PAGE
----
By Dave Zirin and Jules Boykoff / The Nation
Were there not so much suffering involved, the Qatar 2022 World Cup would be an absurdist parody of sportswashing. The extraordinarily popular event is meant to put a happy gloss on both the brutal kingdom of Qatar and soccer’s governing body—that infamous organization of finely tuned corruption: FIFA.
Normally, the men’s World Cup would be kicking off this month, but FIFA honchos changed the World Cup schedule to accommodate the fact that Qatar is scorching in the summer, with temperatures in Doha regularly reaching 109 degrees Fahrenheit (43 Celsius). When they bid for the Cup, Qatar boasted of hosting it over the summer with a state-of-the-art indoor air-conditioned stadium, but that proved to be a lie. Instead, FIFA moved the tournament to November and December, and in the process wreaked havoc on the calendars of domestic soccer leagues around the globe. The fact that the most powerful leagues in the world were willing to reshuffle their plans to accommodate FIFA and their Qatari collaborators is a monument to the brass-knuckle financial power of the men’s World Cup. The 2018 World Cup in Russia raked in $5.36 billion in revenues on the road to more than $3.5 billion in profit. FIFA expects similar profits from the spectacle in Qatar.
For nearly a decade, journalists have been trumpeting allegations that FIFA never would have selected Qatar were it not for brazen bribery. The US Department of Justice has indicted numerous FIFA officials on a range of crimes including racketeering, wire fraud, and money laundering, some of these charges related to the Qatari bid. Investigators assert that Qatar forked over at least $1 million—and perhaps as much as $15 million—to three soccer officials from South America for their votes. Many more voting members of FIFA have been implicated in various bribery schemes.
These alleged bribes flung open the gate for human rights abuses. The government in Qatar is a constitutional monarchy in which Amir Sheikh Tamim bin Hamad Al Thani reigns supreme. It clamps down on free expression and assembly and exerts significant prohibitions against labor organizing. Last year, a Guardian investigation learned that more than 6,500 migrant workers—from Bangladesh, India, Nepal, Pakistan, Sri Lanka, and elsewhere—have died in Qatar since 2010. Approximately three dozen people have passed away while working directly on World Cup construction.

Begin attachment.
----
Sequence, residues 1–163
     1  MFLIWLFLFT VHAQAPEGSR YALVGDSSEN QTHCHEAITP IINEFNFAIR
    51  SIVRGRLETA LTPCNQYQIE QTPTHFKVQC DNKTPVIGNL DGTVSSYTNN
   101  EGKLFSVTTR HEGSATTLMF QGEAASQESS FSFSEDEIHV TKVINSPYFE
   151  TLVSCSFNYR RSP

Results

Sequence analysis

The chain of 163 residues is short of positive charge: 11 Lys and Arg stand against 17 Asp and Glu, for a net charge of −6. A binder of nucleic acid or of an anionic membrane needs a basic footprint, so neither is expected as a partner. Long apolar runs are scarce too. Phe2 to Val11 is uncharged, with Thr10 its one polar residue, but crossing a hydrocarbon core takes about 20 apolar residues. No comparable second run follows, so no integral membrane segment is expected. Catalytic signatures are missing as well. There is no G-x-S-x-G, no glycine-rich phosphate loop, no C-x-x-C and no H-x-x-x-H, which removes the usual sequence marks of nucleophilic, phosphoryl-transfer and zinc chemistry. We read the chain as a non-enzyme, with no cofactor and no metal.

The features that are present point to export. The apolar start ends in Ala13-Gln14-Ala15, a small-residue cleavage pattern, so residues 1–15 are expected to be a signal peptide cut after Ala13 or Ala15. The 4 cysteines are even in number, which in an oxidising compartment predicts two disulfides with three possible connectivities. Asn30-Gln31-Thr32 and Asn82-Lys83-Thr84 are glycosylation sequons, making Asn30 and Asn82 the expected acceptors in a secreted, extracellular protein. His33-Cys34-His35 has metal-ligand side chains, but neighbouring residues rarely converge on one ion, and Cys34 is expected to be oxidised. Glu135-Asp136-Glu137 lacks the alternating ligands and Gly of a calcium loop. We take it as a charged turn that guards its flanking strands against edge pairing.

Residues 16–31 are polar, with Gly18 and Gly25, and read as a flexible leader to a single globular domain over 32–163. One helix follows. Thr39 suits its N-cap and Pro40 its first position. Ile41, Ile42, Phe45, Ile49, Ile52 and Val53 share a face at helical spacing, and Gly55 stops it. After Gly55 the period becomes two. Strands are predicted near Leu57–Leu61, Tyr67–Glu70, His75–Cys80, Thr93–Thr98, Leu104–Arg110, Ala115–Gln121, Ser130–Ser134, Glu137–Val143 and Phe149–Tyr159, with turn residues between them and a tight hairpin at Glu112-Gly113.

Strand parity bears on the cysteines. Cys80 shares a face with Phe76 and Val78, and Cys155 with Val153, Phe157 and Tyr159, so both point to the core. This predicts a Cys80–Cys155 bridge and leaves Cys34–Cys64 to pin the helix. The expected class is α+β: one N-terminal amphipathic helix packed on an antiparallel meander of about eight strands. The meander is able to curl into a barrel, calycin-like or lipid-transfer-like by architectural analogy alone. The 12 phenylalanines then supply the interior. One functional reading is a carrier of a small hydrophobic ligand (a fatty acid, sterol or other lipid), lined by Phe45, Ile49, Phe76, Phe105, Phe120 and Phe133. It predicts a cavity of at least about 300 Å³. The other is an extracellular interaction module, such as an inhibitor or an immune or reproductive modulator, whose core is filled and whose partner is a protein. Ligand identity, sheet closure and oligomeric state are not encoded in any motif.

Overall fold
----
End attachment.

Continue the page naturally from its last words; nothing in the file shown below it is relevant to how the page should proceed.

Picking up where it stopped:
Jaw-dropping as that is, the exploitation goes further. Human Rights Watch asserts that thousands upon thousands of migrant workers experienced grave labor abuses while helping Qatar prepare for the World Cup, and they have not yet received financial compensation. When FIFA President Gianni Infantino was asked whether he was doing anything to help the families of exploited migrant workers, he chose to minimize their misery, stating, “When you give work to somebody, even in hard conditions, you give him dignity and pride. It’s not charity.”
Then there is LGBTQ safety and security. This month FIFA festooned its Twitter avatar in the colors of the rainbow to mark Pride, congratulating itself for its “celebration for the LGBTQIA+ community.” But platitudes can’t erase the fact that the two most recent hosts of the men’s World Cup—Russia and Qatar—have horrific human-rights records when it comes to LGBTQ issues.
Qatar’s stance on LGBTQ rights is appalling. It’s a country where same-sex relations are punishable by a three-year prison term. No one’s fears were assuaged when a senior Qatari security official for the World Cup suggested recently that LGBTQ fans would be welcome to attend the event, but that any unfurled rainbow flags in Qatar could be confiscated in order to protect those waving them from being physically attacked. Sometimes warnings sound a lot more like threats.
The Independent Supporters Council of North America, a group of ardent soccer fans, issued a statement that read in part, “We cannot, in good faith, tell our members, LGBT+ people or allies that this is a World Cup for all.” After Wales qualified for the World Cup, members of the Welsh team’s staff announced they will forgo attending the event because of Qatar’s position on LGBTQ rights. We should expect additional global pressure on Qatar as the World Cup nears.
Lastly, on top of the labor abuses, corruption, death, and anti-gay bigotry, there is the greenwashing. When FIFA claimed that Qatar would host the first-ever carbon-neutral World Cup, the global guffaw nearly registered on the Richter scale. The environmental group Carbon Market Watch responded that only “creative accounting” that ignored massive sources of carbon—like the energy required to cool the stadiums—could lead to that misleading conclusion. Soccer scholar Brenda Elsey joked on the feminist sports podcast Burn It All Down that soccer barons must have been using their “magical FIFA abacus” to arrive at their carbon-neutrality claim.
Yet, despite all of this, the World Cup will be watched by billions and provide oodles of positive coverage for the Qatari state. That is the nefarious part of sportswashing. It’s a force whose mission is to gaslight the consumer and use something as beautiful and universal as sports to do it.
There are forces not content to let this happen. In England, Amnesty International, Human Rights Watch, and the country’s two largest unions, Unite and Unison, are calling for both the funding and creation of a migrant workers center in Qatar and compensation for families of those workers who died in order to bring the World Cup to life.
Efforts such as these can take the rhetoric of sportswashing and use it against FIFA and the Qatari royal family. These undertakings should be supported not only because they are just but also because they chip away at sportswashing’s edifice so we can see the brutal truth beneath.